The main attraction amongst the fairly limited extras is an audio commentary by director Mick Garris, and it’s a very informative one throughout. Garris begins by talking about obtaining the rights and trying to get the film off the ground over a period of four years, made all the more difficult when every major studio turned him down. The move to go independent meant having to compromise with the film’s budget and location, and so the director explains how he and his crew went about accommodating the story as best as possible over a 30 day shoot, along with mentioning the distribution process and his close working relationship with Stephen King. He goes on to talk about adapting King’s short which was originally set in 1999, and then adding some nostalgic value, while also trying to explain his intents for the story and how it isn’t a conventional horror, along with how important the film’s soundtrack is to the overall experience. Garris also talks in detail about casting and offers some interesting insights into how movie financing works, in this case the German financers giving him grief over having huge name actors. He comes across very honest and clearly Riding the Bullet is close to his heart, and it’s a shame that the film never did receive the wider audience it deserved, subsequently tanking hard at the box office, while PG-13 shitfests were raking it in. Occasionally Garris does repeat himself when talking about how people perceive the film, whether good or bad, but overall it’s a solid and entertaining enough track which covers pretty much every base.
Next up we have Shooting the Bullet - a 16-minute featurette which is split up into several chapters, each one focuses on a different aspect of production, which basically elaborates upon what the director touches upon in his commentary. Beginning with Thrill Village, Mick Garris talks about finding the perfect old fashioned amusement park in Vancouver, where the featurette then shows plenty of behind the scenes footage and introduces Jonathan Jackson. From here artist Bernie Wrightson delivers his thoughts on providing Alan’s Artwork from a personal standpoint, coming across very enthusiastic. Next is David Arquette’s Make-up, with input from KNB’s Howard Berger, who explains the several stages of make-up, along with the actor’s thoughts on the overall process. There are also a few behind the scenes shots for this. The Picture Cars is presented by the Transport Department’s Dean Fitzpatrick and Reggie Singh, whose job is to find the appropriate vehicles to match the film’s time period, while The Fury Crash goes behind the scenes of the film’s main car smash, and is perhaps the lengthiest segment of the featurette, showing us various set-ups and special effects work. Finally, A Cemetery Shoot has Jonathan Jackson talk about his character, before we go behind the scenes of said shoot, with additional input from producers Joel T. Smith and David Lancaster.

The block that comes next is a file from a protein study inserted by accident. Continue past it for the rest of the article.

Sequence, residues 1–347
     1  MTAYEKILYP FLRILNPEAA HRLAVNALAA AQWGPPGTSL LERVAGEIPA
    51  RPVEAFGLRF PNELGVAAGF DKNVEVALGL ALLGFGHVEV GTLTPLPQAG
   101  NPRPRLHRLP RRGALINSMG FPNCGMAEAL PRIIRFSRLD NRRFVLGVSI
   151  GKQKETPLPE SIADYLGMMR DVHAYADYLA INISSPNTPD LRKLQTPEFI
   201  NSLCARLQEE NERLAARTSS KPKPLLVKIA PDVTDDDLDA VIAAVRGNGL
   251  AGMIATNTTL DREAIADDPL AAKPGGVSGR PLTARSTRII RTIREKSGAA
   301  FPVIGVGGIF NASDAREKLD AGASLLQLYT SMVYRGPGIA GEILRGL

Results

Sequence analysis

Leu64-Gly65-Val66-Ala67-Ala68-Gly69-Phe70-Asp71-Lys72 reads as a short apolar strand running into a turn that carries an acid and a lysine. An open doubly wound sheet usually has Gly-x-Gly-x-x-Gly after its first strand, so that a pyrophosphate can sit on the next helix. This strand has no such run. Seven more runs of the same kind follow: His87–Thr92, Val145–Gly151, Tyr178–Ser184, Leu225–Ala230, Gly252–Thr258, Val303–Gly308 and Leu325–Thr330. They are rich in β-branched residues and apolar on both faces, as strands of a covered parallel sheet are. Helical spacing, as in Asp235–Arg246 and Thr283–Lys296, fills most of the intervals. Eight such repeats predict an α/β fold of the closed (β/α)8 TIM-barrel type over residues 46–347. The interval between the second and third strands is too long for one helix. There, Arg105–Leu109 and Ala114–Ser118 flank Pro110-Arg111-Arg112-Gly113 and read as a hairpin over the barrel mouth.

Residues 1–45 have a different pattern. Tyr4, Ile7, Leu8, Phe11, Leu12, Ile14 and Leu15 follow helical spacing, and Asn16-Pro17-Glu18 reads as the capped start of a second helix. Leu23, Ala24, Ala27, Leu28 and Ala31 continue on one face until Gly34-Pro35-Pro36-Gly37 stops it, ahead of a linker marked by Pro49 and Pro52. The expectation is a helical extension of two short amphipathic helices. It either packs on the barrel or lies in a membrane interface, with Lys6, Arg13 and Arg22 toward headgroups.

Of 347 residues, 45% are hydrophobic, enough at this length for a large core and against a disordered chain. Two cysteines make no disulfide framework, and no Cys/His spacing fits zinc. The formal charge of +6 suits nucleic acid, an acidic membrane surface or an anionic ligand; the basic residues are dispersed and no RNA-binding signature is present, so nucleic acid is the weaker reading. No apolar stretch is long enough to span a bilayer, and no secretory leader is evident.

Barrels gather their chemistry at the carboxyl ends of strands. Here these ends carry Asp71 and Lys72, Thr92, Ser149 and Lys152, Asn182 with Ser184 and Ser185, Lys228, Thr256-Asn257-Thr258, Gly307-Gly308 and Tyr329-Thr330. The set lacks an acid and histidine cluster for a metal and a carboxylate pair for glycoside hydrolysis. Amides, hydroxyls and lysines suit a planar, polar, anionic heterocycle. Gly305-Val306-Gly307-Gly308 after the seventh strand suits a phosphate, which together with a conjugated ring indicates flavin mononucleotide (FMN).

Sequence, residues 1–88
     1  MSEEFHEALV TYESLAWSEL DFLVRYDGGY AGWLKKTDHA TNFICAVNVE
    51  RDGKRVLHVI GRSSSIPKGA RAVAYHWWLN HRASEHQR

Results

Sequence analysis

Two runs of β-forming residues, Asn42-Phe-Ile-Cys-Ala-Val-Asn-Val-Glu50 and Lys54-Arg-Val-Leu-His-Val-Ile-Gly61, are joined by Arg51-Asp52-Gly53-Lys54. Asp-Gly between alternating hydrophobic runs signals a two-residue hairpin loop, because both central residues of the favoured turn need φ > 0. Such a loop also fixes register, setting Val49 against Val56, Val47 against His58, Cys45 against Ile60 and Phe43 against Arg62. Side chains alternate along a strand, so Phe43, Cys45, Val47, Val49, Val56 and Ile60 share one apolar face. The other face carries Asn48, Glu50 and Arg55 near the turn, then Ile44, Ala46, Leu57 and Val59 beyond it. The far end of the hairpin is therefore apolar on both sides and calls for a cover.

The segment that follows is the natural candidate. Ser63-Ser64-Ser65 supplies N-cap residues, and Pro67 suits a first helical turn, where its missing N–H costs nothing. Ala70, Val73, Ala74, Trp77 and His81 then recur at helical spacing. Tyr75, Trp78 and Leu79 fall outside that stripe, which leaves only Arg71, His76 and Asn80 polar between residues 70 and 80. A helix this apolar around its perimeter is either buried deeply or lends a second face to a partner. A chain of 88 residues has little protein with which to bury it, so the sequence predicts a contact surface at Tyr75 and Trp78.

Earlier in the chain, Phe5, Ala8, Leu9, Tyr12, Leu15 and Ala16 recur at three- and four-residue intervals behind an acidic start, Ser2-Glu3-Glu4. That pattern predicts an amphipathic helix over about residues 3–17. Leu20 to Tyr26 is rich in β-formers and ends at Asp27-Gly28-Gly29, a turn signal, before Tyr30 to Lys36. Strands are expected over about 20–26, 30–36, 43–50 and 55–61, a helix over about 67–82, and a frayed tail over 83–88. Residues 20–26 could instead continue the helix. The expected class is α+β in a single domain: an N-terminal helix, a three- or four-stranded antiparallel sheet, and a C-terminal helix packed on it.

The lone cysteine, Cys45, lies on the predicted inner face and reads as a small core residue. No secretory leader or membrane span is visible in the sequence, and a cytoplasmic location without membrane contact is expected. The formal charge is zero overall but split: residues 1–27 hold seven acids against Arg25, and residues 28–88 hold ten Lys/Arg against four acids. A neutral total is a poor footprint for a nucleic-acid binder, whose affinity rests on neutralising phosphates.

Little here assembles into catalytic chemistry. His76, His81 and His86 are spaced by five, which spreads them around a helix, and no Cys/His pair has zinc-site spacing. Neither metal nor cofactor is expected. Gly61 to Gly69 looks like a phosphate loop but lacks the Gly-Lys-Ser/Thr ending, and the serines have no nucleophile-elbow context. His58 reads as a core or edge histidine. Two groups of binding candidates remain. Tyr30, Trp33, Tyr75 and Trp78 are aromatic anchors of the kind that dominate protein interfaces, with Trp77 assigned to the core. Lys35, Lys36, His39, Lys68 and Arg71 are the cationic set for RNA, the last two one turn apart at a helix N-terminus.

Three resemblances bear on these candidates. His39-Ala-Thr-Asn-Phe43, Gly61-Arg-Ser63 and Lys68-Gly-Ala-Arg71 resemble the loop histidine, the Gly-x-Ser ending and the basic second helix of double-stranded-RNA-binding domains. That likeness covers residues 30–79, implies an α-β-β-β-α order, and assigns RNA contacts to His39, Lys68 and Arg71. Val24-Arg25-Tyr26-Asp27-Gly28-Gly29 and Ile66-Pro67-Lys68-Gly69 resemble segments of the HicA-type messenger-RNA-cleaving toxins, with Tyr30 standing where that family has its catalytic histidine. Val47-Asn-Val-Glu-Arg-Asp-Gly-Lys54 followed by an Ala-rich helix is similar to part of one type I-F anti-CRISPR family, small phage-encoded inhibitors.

Annoyingly the featurette has certain moments during which an overlaid score is so loud that it often drowns out the dialogue coming from the interviewees.
Lastly the film’s trailer is also included.
Any film that opens with a shot of an attractive nude model is bound to grab your attention, and in Riding the Bullet’s case it maintains its consistency throughout, even if there are no more nudey bits afterward.